was, in reality, hard to sustain. Through the
infamous Summer of Love to the incendiary 1968 Democratic Convention, from the
muddy mayhem of Woodstock to the murderous rampage at Altamont, the growth of
the hippie movement shocked the status quo
and left a legacy still felt in music, arts, politics, and personal growth. In this exemplary
treatise on the vast reaches and deep roots of
a defining movement, Moretta offers a probing and potent work of cultural anthropology
that captures the essence of the youthful energy that changed a nation and influenced the
world. —Carol Haggas
The Imagineers of War: The Untold Story
of DARPA, the Pentagon Agency That
Changed the World.
By Sharon Weinberger.
Mar. 2017. 496p. Knopf, $30 (9780385351799). 355.
From Bond-worthy cigarette lighters–
cum–spy cameras to sleek, radar-defying
military aircraft, the inventions produced
by the Defense Advanced Research Projects
Agency (DARPA) have, in many ways, impacted nearly every facet of contemporary
life. The history of this relatively unknown
Pentagon agency traces its origins to the
1950s U.S.-Russia space race, and its applications have been tested on battlefields
from Vietnam to Afghanistan. Not merely
the stuff of spy craft or warfare, DARPA’s
scientific and technological innovations may
have had national defense and security inspiration, but their influence reaches far beyond
the battlefield. Case in point: ARPANET,
the cumbersome acronym for the military’s
linked computer network, which became the
foundation for today’s Internet. But for every stellar success, there were abject failures,
such as the carcinogenic defoliant Agent Orange, used in the Vietnam War. Exploring
silly schemes as well as sensible ideas, distinguished military science and technology
expert Weinberger profiles the crusaders who
thought outside the box in service to their
country and their own limitless creativity. A
fascinating and defining behind-the-scenes
look at the confluence of defense politics and
technological prowess. —Carol Haggas
Perfect Strangers: Friendship, Strength,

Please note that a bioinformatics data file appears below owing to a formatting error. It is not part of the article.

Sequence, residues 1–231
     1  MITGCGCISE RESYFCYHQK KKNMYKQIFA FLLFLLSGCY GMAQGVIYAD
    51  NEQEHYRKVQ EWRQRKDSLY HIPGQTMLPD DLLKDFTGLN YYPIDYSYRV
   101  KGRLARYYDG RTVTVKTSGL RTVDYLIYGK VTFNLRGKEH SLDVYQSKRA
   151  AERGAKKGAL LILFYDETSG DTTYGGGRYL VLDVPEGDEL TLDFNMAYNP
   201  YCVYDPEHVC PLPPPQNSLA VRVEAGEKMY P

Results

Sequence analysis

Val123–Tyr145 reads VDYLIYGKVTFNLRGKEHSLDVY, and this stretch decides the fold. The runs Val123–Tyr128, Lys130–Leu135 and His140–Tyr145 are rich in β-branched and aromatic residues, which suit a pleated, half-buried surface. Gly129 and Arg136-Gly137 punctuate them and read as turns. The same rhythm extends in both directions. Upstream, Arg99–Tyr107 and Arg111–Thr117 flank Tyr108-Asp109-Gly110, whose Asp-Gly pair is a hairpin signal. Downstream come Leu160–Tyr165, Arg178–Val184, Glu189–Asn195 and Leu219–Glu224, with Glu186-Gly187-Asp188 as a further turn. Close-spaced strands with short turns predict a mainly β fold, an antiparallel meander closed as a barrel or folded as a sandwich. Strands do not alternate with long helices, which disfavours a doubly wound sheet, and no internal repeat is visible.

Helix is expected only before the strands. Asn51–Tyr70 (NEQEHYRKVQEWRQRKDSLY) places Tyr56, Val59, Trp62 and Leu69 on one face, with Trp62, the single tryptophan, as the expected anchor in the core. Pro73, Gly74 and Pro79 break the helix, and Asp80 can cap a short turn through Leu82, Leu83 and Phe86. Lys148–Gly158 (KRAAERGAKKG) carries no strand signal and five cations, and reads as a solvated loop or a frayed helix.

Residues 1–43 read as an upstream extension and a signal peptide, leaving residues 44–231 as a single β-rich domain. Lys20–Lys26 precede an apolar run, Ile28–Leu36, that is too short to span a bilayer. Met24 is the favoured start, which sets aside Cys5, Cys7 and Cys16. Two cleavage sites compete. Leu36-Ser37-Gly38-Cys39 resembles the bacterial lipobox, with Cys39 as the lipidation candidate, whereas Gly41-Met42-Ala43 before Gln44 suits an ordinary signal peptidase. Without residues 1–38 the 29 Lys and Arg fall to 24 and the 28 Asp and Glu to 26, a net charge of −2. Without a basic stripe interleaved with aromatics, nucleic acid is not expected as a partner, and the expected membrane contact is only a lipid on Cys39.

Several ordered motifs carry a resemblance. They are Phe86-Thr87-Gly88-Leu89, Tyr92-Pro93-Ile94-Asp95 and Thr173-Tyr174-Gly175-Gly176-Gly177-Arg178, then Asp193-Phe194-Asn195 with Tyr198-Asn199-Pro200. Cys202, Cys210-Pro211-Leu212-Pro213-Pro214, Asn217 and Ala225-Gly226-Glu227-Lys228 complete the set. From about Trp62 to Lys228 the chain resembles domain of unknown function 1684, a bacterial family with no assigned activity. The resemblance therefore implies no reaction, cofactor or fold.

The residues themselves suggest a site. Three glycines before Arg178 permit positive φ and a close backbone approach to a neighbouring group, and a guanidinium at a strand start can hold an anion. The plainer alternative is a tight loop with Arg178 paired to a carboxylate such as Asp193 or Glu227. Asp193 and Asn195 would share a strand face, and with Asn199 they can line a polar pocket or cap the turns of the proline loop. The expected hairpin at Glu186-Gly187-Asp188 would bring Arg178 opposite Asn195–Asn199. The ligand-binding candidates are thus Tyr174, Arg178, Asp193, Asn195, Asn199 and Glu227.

and Recovery after Boston’s Worst Day.
By Roseann Sdoia and Jennifer Jordan.
Mar. 2017. 256p. PublicAffairs, $26 (9781610397001).
The 2013 Boston Marathon’s terrorist
bombings reverberate still. Four people—
strangers thrown together by the 118th
Marathon bombs that killed three and injured 264—formed strong bonds and now
consider themselves “family.” Marathon
runner Sdoia, who lost a leg in the attack,
with award-winning Jordan (Last Man on the
Mountain, 2010), shares not only her own
story but the group’s. College student Shores
Shelter ran into the mayhem and saved Sdoia
with an improvised tourniquet; BPD’s Shana Cottone got her into a paddy wagon for
transport to Mass General, riding up front;
and BFD’s Mike Materia, who loved working race day and was experienced from his
service in Iraq, rode in back with Sdoia,
providing comfort, eventually establishing a GoFundMe social-media page for her
medical expenses and helping locate Shores.
Sdoia and other marathon casualties were
the Spaulding Rehab Center’s first patients,
and their visitor list became “something of
a legend.” Sdoia expresses her understanding
of how trauma shapes people differently and
how their connection, strengthened by loss,
has provided a key constant and comfort in
four lives. — Whitney Scott
• Young adult recommendations for
adult, audio, and reference titles
reviewed in this issue have been
contributed by the Booklist staff and
by reviewers Poornima Apte, Michael
Cart, Laura Chanoux, Carissa Chesanek, Courtney Eathorne, Kristine
Huntley, Biz Hyzy, Jesse Karp,
Bethany Latham, June Sawyers, and
• Adult titles recommended for teens are
marked with the following symbols: YA,
for books of general YA interest; YA/C,
for books with particular curriculum
value; YA/S, for books that will appeal
most to teens with a special interest in
a specific subject; and YA/M, for books
best suited to mature teens.